When it was really bad, I wrote: “Build the shittiest thing possible. Build out of trash because all i have is trash. Trash materials, trash bodies, trash brain syndrome. Build in the gaps between storms of chronic pain. Build inside the storms. Move a single inch and call it a victory. Mold my sexuality toward immobility. Lie here leaking water from my eyes like a statue covered in melting frost. Zero affect. Build like moss grows. Build like crystals harden. Give up. Make your art the merest displacement of molecules at your slightest quiver. Don’t build in spite of the body and fail on their terms, build with the body. Immaculate is boring and impossible. Health based aesthetic.”

Twine, trashzines made of wadded up torn paper because we don’t have the energy to do binding, street recordings done from our bed where we lie immobilized.

Laziness is not laziness, it is many things: avoiding encountering one’s own body, avoiding triggers, avoiding thinking about the future because it’s proven to be unbearable. Slashing the Gordian Knot isn’t a sign of strength; it’s a sign of exhaustion."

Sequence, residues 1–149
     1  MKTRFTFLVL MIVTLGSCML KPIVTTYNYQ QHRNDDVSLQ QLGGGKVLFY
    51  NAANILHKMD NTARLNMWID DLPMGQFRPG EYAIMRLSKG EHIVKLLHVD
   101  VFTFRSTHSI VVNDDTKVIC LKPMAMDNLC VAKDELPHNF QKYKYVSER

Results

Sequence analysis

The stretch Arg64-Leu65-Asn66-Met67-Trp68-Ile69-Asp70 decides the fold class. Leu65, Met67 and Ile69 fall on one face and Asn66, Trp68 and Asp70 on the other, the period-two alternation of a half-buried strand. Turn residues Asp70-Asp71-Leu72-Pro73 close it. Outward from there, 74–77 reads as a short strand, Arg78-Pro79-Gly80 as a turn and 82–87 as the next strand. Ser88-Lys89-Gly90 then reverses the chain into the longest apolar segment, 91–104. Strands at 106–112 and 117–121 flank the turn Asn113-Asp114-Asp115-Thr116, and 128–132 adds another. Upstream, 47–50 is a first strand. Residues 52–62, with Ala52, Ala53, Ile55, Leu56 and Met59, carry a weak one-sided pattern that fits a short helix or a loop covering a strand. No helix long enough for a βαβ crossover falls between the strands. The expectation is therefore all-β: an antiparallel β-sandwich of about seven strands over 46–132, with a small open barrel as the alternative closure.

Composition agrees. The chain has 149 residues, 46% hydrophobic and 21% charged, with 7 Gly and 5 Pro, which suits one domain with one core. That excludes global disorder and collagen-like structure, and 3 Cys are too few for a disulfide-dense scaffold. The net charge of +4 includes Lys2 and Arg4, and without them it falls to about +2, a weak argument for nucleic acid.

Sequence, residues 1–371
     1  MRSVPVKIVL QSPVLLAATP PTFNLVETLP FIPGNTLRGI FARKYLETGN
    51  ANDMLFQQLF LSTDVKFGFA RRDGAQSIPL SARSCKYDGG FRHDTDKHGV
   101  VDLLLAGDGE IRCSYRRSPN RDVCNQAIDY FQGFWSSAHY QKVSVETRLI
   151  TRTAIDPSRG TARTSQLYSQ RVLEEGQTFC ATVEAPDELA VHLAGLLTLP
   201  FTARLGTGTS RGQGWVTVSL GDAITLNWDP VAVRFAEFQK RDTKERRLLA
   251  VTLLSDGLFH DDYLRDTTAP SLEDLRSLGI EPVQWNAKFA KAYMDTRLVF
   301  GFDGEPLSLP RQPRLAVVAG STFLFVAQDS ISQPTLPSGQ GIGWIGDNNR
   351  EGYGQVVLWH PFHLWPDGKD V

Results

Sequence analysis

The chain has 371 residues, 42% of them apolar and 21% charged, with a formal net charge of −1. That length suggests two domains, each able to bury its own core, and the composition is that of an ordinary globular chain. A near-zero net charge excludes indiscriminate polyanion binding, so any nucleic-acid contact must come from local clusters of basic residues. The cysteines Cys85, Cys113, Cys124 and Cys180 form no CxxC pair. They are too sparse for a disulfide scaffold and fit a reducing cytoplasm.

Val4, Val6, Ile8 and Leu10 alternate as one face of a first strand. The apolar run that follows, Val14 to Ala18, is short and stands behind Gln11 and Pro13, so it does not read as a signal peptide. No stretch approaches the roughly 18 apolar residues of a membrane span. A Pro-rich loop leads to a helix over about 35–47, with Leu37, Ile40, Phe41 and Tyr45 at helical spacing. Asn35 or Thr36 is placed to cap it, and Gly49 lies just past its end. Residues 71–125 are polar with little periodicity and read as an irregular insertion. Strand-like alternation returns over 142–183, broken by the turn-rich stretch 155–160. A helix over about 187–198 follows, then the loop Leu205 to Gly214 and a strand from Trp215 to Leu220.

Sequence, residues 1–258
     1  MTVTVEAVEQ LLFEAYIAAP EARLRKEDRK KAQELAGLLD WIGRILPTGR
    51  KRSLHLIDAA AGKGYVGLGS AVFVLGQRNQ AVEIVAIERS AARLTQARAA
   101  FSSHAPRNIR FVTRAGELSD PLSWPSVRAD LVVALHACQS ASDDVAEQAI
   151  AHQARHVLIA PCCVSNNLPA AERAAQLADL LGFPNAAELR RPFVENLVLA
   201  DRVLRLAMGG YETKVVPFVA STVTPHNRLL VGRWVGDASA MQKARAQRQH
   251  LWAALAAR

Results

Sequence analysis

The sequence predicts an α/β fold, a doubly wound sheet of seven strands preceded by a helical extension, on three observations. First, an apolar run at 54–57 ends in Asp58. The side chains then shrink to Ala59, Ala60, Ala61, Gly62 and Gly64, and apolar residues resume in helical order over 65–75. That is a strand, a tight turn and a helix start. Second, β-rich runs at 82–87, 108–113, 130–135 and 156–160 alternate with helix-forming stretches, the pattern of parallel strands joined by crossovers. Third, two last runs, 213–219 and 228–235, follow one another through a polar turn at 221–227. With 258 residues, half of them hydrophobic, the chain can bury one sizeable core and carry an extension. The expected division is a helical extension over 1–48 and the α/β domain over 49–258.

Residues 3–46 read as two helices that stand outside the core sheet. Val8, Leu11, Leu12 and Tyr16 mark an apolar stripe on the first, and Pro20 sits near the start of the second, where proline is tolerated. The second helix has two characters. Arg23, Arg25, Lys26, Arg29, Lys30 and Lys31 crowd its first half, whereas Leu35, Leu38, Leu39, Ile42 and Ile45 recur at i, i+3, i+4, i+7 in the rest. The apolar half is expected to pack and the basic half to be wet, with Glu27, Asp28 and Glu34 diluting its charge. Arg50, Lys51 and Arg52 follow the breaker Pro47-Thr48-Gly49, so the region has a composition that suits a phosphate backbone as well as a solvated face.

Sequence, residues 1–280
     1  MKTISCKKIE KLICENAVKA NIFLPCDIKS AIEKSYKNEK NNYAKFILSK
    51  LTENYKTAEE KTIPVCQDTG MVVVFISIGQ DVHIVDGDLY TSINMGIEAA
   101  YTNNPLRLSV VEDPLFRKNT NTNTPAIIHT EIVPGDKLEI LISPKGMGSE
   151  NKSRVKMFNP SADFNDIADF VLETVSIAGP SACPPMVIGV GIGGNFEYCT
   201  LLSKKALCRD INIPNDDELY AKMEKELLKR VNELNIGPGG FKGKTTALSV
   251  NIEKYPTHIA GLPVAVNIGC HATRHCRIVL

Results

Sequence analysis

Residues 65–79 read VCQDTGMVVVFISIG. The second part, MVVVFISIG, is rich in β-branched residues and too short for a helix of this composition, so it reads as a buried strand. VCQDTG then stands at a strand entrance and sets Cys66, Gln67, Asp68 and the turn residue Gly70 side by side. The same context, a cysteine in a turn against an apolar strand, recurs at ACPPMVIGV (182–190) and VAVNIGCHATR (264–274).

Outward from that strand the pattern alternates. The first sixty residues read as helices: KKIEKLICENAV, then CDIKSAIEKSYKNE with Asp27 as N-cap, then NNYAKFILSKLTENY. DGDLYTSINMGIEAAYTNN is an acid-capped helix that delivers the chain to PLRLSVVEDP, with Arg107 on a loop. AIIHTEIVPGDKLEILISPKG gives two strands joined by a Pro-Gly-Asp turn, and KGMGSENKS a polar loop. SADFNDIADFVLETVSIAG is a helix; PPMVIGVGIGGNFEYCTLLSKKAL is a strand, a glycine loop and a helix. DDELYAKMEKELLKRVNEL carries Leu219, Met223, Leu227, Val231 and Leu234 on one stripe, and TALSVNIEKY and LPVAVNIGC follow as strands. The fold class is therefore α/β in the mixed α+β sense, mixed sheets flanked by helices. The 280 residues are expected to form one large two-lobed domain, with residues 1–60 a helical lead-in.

"SOCIAL DYNAMICS

COMMUNITY IS DISPOSABILITY
There are no activist communities, only the desire for communities, or the convenient fiction of communities. A community is a material web that binds people together, for better and for worse, in interdependence. If its members move away every couple years because the next place seems cooler, it is not a community. If it is easier to kick someone out than to go through a difficult series of conversations with them, it is not a community. Among the societies that had real communities, exile was the most extreme sanction possible, tantamount to killing them. On many levels, losing the community and all the relationships it involved was the same as dying. Let’s not kid ourselves: we don’t have communities.

—The Broken Teapot, Anonymous"

People crave community so badly that it constitutes a kind of linguistic virus. Everything in this world apparently has a community attached to it, no matter how fragmented or varied the reality is. This feels like both wishful thinking in an extremely lonely world (trans fems often have a community-shaped wound a mile wide) and also the necessary lens to convert everything to profit. Queerness is a marketplace. Alt is a marketplace. Buy my feminist butt plugs.

The dream of an imaginary community that allows total identification with one’s role within it to an extent that rules out interiority or doubt, the fixity and clearness of an external image or cliche as opposed to ephemera of lived experience, a life as it looks from the outside.

—Stephen Murphy

These idealized communities require disposability to maintain the illusion—violence and ostracism against the black/brown/trans/trash bodies that serve as safety valves for the inevitable anxiety and disillusionment of those who wish “total identification”.